Technology has been used to outsource memory since the invention of writing. Now it is being brought in-house
Your smartphone might be able to remind you to buy a cake for your niece’s fifth birthday. But whether an Alzheimer’s patient will remember watching her blow out the candles is much more hit-or-miss. Morgan Barense, a neuroscientist at the University of Toronto, wants to fix that with an app designed to help the memory-impaired recall those valuable experiences.
As anyone who has studied for an exam knows, it’s nearly impossible to retain information from a single exposure. But it’s also impractical to continually re-narrate events to yourself in order to remember what just happened. Instead a region of the brain called the hippocampus does this for you, by replaying the patterns of neural activity that encode a significant event – just as you might recite the contents of a shopping list. These are broadcast throughout the brain over the following days, strengthening the neural connections involved in crystallising the event into a long-term memory. Impaired hippocampal function prevents this happening.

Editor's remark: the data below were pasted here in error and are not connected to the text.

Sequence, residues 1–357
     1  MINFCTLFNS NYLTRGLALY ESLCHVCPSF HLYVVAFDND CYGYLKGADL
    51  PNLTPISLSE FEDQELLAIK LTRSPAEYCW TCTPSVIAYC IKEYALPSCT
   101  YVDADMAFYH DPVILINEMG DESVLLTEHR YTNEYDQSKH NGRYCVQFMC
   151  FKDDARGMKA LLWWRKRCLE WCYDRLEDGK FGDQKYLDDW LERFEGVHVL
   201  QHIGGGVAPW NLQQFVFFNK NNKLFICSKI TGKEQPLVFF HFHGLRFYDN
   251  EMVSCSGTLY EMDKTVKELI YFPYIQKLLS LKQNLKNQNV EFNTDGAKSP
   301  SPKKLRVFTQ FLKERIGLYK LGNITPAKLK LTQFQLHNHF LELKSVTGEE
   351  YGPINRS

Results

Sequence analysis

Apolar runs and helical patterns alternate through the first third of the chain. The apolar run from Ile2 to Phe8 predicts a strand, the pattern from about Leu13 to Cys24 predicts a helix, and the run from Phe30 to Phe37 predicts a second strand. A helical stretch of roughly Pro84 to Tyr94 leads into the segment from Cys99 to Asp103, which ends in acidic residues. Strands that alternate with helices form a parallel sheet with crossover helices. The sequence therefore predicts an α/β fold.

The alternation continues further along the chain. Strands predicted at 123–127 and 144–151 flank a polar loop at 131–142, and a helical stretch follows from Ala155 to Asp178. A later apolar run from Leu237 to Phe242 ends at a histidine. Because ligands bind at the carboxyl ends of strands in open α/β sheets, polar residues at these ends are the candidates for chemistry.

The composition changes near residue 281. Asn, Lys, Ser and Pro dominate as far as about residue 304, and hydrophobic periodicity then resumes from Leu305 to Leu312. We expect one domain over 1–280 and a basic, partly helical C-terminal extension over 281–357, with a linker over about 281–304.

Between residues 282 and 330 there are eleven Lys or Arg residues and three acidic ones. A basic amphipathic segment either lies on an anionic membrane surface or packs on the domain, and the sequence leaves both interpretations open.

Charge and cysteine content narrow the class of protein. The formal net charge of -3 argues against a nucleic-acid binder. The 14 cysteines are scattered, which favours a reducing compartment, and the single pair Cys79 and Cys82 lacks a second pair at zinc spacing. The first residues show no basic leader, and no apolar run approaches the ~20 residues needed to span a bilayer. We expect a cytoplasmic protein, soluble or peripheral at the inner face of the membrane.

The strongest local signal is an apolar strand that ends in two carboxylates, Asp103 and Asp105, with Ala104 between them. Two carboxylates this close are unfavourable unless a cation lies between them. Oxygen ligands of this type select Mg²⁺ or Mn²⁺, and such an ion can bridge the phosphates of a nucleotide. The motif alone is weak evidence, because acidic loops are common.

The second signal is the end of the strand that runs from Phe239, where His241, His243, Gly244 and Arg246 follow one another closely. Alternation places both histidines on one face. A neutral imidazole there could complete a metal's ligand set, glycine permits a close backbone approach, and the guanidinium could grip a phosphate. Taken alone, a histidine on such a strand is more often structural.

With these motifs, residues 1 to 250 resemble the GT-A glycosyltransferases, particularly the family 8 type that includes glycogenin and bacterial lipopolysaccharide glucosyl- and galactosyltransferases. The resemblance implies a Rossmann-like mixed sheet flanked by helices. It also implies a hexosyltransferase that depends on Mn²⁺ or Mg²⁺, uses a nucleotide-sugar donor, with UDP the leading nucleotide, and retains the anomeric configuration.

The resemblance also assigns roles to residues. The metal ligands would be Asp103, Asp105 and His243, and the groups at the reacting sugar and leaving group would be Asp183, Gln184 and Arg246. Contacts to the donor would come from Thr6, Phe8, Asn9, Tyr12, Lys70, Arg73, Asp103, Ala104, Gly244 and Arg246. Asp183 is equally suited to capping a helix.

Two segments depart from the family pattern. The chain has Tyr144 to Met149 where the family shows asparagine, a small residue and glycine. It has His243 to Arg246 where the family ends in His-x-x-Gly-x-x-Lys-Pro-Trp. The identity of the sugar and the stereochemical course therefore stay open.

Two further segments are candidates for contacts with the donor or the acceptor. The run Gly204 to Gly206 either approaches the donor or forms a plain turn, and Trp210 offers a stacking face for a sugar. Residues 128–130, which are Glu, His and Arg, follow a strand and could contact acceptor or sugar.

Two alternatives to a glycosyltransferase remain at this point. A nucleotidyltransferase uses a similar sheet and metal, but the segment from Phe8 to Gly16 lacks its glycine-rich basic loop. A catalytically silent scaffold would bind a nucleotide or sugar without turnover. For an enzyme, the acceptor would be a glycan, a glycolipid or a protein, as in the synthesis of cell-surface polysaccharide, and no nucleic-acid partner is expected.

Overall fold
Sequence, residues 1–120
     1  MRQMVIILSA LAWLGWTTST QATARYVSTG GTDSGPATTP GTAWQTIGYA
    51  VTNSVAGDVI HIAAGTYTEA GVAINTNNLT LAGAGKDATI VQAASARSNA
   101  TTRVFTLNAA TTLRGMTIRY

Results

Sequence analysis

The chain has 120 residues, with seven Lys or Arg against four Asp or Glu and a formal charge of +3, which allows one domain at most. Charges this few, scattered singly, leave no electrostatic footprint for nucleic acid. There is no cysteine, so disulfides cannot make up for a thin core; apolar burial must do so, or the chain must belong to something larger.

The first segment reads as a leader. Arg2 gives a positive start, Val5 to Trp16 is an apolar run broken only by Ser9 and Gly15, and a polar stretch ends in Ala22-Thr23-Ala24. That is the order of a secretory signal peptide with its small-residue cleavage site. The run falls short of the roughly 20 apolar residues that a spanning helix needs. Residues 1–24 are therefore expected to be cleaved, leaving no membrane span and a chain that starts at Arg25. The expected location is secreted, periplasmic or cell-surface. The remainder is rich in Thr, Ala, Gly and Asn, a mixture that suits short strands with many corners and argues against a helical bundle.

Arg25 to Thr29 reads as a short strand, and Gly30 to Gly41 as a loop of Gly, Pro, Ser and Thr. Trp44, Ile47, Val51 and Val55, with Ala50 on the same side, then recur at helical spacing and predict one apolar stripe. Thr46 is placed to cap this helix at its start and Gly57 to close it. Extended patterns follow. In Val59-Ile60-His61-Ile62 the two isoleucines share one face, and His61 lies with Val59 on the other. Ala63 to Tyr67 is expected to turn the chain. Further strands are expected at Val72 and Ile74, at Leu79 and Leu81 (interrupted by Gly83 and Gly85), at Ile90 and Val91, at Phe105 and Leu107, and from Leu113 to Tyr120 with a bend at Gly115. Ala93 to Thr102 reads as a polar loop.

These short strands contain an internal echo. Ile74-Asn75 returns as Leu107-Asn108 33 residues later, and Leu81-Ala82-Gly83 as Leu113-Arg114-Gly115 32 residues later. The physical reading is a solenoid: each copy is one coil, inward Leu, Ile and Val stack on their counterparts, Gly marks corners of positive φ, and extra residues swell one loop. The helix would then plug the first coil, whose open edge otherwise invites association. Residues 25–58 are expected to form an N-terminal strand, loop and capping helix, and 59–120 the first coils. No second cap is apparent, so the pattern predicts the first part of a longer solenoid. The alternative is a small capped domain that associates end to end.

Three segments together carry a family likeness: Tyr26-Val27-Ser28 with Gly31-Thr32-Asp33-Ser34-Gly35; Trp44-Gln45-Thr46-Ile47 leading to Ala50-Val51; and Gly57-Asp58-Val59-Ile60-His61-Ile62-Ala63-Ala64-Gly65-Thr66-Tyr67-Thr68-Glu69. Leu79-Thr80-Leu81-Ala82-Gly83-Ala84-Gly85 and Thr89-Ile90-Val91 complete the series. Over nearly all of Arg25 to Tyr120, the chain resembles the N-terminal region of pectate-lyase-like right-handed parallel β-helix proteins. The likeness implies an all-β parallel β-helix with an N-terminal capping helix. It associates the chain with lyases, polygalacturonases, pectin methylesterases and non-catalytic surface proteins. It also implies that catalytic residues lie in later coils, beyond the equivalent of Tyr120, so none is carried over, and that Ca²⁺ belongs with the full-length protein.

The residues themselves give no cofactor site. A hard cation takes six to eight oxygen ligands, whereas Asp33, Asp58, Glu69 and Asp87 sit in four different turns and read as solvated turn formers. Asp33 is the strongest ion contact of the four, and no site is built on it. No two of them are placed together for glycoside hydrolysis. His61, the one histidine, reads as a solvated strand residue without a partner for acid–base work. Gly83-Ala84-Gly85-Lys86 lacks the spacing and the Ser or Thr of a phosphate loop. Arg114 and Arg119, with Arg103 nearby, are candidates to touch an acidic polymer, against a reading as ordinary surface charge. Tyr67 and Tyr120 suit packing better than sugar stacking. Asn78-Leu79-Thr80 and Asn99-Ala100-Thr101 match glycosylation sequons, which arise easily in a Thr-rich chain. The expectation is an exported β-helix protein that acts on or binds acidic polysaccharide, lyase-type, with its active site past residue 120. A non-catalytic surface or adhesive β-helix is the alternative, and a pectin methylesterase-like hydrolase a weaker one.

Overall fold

The US Department of Defence has begun exploring the use of neural implants to restore this capacity in soldiers with traumatic brain injuries. Barense’s solution requires nothing so drastic as surgery. Her app, called the Hippocamera, encourages users to record events, then prompts them to review these videos six times a day at three times the original speed, mimicking the natural pace of the hippocampus. In early tests, the app improved the ability of the average healthy participant to recall the details of an event after a lapse of three months by 40%. A trial is now in progress with Alzheimer’s patients. Since the invention of writing, we’ve been using technology to outsource memory; now it’s being brought in-house.•
Kathryn Nave is a science and technology journalist, and a contributing editor to Wired UK
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Fuente: / Source: www.1843magazine.com